4. Here is the shocker. I thought that all firefighters get a basic education at firefighting school before they go on the job. However, in Massachusetts that education is sometimes called OJT -- on-the-job training. There is no state law that requires firefighters to attend the fire academy, which is a training building and tower in Stowe. Some do, some don’t, and some are on a waiting list for months – yet they still go out and fight fires.

        There’s a conundrum here. If the career and volunteer firefighters who contacted me are right, college courses are essential for both their safety and that of the public. Yet here in Massachusetts, recruits sometimes have no formal firefighting education but OJT; still we confidently trust them with our lives.

        I intend to seriously pursue this issue for a future column, but right now you may ask:

        After a week of corresponding with highly intelligent, eventually good-natured firefighters around the world, do I regret the statement that started it all?

        I wouldn’t have missed this for the world. A firefighter from New Zealand made a valiant effort to explain things to me: "What the speaker intends to convey may be very different from what the listener understands. Traditionally men have been similarly misunderstood when they have felt their reference to a woman’s nice (deleted) has been taken badly. Combine this with ‘not particularly bright, but she DOES have a great (deleted)’ and you come close to how the fire-fighters felt about your quoted comments."

        But in the end, they were merciful. I sent the really hostile ones over for my partner Chip Ford to deal with, and eventually one of them thought he had it all figured out. As he explained to the other firefighters on the e-mail list:

        "1. They’re civilians. If you think about all the stupid things civilians do, this really isn’t much of a reach. The other day on a rescue training I had a lady ask me, ‘If this were a real emergency, you guys would be doing this a lot quicker, right?’ I told her that if this were a real emergency, we wouldn’t have thrown the victim in the hole.

        "2. These people are as passionate about their politics as we are about fighting fire. Dumb as a box of rocks or not, they ARE bold enough to stand up for what they believe in."

        I consider that a major compliment, coming from a firefighter. Guess I’m not very thin-skinned myself.


        Column #2:

        Column by Barbara Anderson

        Firefighters, Part 2

        submitted March 5, 2001

        Since Governor Cellucci proposed extending the police higher education law to firefighters, I’ve communicated with firefighters and public officials in this and other states hoping to property inform readers of this column about the issue.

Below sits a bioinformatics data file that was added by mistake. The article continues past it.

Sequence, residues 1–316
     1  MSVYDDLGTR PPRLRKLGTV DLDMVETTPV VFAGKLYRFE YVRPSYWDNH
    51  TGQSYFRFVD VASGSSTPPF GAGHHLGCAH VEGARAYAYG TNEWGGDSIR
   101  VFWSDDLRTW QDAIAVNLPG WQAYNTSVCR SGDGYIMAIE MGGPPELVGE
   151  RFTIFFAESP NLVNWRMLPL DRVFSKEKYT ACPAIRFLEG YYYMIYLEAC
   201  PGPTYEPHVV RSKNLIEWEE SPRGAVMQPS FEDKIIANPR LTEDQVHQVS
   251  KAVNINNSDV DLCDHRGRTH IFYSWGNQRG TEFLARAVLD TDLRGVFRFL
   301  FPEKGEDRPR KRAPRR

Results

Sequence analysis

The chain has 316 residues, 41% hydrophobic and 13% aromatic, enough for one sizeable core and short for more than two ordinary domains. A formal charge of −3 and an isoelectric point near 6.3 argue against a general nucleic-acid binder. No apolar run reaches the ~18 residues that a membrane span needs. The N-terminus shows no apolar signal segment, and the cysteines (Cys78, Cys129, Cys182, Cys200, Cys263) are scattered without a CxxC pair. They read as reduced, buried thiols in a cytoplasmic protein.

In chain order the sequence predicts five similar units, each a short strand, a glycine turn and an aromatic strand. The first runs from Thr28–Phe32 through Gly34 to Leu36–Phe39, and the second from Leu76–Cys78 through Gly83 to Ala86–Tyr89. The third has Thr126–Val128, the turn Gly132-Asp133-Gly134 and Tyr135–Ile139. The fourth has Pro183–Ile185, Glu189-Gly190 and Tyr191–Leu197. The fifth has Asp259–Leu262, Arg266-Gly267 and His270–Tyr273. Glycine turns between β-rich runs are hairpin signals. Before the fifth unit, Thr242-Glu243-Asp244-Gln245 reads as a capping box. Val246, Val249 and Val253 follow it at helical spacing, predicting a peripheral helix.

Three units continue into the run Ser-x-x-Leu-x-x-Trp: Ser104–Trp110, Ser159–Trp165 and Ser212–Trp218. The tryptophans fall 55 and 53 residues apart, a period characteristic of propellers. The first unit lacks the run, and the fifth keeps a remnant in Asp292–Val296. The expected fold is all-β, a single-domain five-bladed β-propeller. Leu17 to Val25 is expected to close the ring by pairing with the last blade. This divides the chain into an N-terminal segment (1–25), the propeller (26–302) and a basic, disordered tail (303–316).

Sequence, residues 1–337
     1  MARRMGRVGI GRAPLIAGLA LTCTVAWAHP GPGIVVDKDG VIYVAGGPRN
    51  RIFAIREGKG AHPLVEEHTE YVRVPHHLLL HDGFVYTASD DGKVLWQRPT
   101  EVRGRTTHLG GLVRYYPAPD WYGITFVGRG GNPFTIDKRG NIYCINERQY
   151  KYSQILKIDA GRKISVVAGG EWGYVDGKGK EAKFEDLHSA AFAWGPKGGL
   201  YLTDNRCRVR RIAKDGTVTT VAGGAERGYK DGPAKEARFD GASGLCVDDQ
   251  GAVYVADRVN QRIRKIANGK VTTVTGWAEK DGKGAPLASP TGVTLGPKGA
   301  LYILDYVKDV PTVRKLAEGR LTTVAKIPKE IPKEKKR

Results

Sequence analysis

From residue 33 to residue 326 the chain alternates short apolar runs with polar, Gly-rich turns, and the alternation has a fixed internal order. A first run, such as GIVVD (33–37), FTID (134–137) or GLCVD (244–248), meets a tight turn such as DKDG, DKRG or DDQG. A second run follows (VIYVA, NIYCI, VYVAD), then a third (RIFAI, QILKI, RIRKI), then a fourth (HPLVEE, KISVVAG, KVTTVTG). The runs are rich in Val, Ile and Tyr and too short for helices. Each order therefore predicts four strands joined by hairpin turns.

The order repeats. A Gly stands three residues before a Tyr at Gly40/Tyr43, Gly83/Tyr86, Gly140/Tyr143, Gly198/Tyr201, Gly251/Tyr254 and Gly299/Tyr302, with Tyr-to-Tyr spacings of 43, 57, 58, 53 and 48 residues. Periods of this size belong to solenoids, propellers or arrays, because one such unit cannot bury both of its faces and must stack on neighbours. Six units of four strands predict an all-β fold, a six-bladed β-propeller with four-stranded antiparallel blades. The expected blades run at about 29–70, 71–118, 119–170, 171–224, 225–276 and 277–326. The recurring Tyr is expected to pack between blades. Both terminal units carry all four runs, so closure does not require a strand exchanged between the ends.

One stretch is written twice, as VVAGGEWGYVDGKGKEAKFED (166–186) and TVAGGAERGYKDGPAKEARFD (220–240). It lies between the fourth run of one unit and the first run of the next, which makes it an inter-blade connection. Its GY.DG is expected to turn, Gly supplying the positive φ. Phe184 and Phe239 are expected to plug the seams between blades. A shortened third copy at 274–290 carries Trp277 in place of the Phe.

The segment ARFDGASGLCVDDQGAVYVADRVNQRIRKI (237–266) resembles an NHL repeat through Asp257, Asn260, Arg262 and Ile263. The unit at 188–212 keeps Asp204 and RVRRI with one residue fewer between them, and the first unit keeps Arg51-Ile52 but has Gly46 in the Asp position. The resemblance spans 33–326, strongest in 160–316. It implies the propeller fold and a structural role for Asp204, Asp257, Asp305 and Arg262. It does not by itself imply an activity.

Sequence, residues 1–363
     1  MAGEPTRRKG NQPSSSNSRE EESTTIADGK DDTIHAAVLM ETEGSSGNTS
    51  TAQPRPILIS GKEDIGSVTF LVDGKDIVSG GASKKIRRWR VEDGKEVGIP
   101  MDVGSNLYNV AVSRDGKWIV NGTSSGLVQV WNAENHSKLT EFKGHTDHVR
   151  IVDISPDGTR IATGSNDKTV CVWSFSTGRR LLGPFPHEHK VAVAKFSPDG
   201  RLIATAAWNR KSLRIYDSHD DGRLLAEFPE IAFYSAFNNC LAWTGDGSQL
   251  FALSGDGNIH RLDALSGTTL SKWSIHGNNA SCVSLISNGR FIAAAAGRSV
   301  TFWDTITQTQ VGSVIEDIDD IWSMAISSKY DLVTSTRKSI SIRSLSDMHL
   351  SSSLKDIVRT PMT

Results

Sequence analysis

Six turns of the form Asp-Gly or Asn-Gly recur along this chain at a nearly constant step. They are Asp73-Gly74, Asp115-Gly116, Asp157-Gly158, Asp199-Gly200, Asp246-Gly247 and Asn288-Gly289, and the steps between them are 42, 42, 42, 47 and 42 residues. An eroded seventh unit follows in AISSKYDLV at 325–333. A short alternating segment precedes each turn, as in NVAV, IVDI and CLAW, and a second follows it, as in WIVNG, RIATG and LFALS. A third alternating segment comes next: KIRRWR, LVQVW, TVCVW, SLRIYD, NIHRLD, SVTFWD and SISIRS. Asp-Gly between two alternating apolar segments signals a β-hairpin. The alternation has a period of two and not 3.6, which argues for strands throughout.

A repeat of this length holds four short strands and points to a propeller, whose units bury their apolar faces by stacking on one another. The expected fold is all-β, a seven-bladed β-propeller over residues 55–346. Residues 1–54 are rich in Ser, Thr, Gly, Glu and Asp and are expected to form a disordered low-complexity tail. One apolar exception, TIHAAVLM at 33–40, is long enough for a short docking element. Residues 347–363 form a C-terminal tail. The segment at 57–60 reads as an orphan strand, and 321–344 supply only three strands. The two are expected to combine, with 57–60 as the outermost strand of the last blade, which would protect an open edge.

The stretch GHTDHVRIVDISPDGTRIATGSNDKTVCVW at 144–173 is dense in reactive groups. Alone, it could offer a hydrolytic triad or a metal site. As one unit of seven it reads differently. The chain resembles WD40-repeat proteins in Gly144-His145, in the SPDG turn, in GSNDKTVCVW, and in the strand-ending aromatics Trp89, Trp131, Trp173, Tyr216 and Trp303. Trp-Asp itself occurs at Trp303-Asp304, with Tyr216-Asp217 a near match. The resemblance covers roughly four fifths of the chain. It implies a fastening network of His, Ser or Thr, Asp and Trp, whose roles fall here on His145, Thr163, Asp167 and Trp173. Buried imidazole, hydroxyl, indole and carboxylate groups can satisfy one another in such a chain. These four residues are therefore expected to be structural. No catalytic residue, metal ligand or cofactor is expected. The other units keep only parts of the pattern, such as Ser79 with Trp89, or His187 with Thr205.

Let’s start with two basic assumptions that I believe are held by most of us civilians.

        1. Public safety in general is the primary reason we have government. While we must always weigh risk vs. cost – it would be foolish to have a police bodyguard for every citizen and a fire station on every street – we should fund adequate public safety before we do anything else, or nothing else matters for long.

        2. Firefighters are heroes just for signing up, for being willing to do a job that can turn extremely dangerous. They must respond to not only fires, but hazardous waste spills, water and ice accidents, terrorism and earthquakes.

        Others of my assumptions, however, did not hold up. I had thought that all Massachusetts firefighters got basic training at the Firefighters Academy, before they arrived at the local firehouse to work.

        Fact: There is no state law requiring any training at all for firefighters. Unlike most professions from barber to nuclear physicist, firefighters do not need a license or degree of any kind to get a job. One cannot even go to the Fire Academy unless he first has been hired as a firefighter. There is presently a backlog for the 11 week basic course, and in some communities, recruits are working with just local training.

        A firefighter told me that in his northern U.S. state "the Department of Commerce has established rules for firefighters and among them are a requirement for all firefighters, whether career or volunteer, to have completed the minimum training program at a Vocational Adult Education College before engaging in interior firefighting operations. Many fire departments here set their own (higher) entry level requirements".